Upgraded Goose flying boat could find nest on Dubai creek

MEBA Convention News » 2008
November 16, 2008, 9:13 AM

The Dubai Creek was once much used by the flying boats of Imperial Airways in the 1930s. Now, by the application of new technology on a tried and trusted design, the prospect of a new era in personalized amphibious flying has opened up. Triple S Aviation of Texas (Stand No. 1032) has teamed with Antilles Seaplanes to offer the G-21 Super Goose.

Based on the Grumman Goose, the G-21 Super Goose boasts an all-new modern zero-time airframe and components, so with the exception of the prototype, which is flying and made use of an existing airframe, all production aircraft will be brand- new off the production line. The first two aircraft will be produced in May next year and thereafter a couple will be manufactured every other month.

Triple S Aviation aims to reach a production target of 28 aircraft by the fourth quarter of 2010 and will take stock then to decide what the market requires. At present the company has received refundable deposits for five aircraft but marketing the Super Goose has barely begun.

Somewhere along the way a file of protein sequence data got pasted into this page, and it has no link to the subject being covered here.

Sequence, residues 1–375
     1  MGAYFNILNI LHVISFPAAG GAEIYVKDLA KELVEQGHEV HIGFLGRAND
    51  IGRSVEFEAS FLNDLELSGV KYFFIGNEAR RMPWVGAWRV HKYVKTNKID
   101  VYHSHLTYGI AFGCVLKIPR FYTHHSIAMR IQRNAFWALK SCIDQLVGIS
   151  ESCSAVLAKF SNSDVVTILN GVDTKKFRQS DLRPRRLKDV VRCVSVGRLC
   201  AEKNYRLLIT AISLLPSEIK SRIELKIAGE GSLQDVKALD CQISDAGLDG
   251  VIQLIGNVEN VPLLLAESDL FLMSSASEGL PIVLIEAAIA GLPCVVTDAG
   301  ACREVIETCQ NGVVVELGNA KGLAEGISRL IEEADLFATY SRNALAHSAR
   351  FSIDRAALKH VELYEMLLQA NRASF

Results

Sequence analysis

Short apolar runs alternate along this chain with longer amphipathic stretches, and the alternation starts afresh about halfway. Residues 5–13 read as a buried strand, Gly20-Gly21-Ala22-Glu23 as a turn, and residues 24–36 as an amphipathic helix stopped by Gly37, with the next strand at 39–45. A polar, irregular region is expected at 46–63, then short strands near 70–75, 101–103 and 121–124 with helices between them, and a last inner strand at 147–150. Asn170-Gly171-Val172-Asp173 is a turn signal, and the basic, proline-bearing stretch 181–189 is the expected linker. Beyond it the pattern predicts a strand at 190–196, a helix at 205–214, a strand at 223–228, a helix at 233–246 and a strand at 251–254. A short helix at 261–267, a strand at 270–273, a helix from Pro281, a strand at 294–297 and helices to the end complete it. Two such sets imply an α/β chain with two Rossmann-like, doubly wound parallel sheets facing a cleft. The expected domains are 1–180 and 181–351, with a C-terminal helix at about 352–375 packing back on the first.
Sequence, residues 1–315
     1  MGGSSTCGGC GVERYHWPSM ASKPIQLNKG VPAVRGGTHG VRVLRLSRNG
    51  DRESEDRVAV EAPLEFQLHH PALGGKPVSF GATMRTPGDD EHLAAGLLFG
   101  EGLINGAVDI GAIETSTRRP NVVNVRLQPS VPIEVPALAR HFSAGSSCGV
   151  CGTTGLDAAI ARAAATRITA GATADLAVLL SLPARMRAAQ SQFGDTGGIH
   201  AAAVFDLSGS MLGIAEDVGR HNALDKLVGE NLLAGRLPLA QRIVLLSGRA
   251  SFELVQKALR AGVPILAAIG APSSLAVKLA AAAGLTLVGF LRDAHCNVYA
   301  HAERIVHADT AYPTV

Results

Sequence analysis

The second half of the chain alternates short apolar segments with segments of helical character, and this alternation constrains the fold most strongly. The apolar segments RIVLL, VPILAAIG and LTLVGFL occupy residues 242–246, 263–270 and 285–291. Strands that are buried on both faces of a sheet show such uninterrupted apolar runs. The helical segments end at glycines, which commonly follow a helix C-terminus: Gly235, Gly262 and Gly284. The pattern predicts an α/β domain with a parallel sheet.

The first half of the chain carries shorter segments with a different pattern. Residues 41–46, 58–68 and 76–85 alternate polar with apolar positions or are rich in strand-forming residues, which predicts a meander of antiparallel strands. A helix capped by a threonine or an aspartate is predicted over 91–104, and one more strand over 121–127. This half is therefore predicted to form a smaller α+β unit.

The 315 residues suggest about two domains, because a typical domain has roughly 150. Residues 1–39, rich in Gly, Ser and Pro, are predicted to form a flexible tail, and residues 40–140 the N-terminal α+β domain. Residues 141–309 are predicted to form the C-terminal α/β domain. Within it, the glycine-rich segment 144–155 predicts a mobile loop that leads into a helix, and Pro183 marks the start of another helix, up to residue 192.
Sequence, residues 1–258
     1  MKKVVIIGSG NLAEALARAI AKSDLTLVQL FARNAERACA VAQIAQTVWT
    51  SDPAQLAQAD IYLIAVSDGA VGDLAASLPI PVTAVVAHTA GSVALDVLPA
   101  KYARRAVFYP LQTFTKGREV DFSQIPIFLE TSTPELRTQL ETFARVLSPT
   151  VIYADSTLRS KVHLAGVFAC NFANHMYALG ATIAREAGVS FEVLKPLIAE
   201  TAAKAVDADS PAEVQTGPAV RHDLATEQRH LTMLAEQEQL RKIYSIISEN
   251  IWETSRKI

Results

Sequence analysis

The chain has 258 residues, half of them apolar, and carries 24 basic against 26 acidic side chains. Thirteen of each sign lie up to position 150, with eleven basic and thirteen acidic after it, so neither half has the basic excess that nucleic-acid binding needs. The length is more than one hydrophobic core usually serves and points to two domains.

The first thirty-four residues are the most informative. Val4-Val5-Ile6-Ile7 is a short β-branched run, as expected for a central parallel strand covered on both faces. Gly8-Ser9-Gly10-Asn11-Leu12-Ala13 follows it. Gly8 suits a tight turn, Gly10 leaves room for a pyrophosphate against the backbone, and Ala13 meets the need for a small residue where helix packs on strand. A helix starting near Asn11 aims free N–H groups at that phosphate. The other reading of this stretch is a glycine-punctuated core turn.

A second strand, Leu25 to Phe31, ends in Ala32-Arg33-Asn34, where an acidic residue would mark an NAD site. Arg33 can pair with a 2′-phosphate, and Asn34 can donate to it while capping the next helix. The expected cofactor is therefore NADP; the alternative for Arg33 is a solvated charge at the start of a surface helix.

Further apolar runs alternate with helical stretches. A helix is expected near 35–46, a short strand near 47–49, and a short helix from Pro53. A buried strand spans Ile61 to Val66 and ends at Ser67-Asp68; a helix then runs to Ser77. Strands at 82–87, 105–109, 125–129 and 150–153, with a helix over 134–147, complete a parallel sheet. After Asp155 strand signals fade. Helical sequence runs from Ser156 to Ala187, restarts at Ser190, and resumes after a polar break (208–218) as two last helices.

As well as featuring an all-new aluminum airframe, the new flying boat is powered by two Pratt & Whitney PT6A-34 turboprop engines located farther inboard than the older aircraft’s piston engine to minimize single-engine-out control difficulties and achieve a 200-knot cruise speed. The aircraft also has advanced Garmin avionics.
Boasting a larger cabin than a King Air, seat-mile costs less than half that of a Caravan and also less than the Viking Twin Otter, the G-21 Super Goose could well find applications in the UAE, which has a growing number of offshore island developments.

But breathing new life into old flying boat designs is not the only offer promoted by Triple S Aviation–soon to open a facility in the Dubai Airport Free Zone. The company has teamed with Nextant Aerospace to develop a modernization retrofit program for the Beechjet 400. Dubbed the Nextant 400NXT, the retrofit has been developed to meet a perceived need for a modern medium-range business aircraft priced under $5 million.

New engines and aerodynamic enhancements confer reduced time to climb, higher cruise speeds and enhanced hot-and-high performance. The company claims a 35-percent improvement in fuel efficiency, while Proline 21 avionics bring the Nextant 400NXT into the 21st century.

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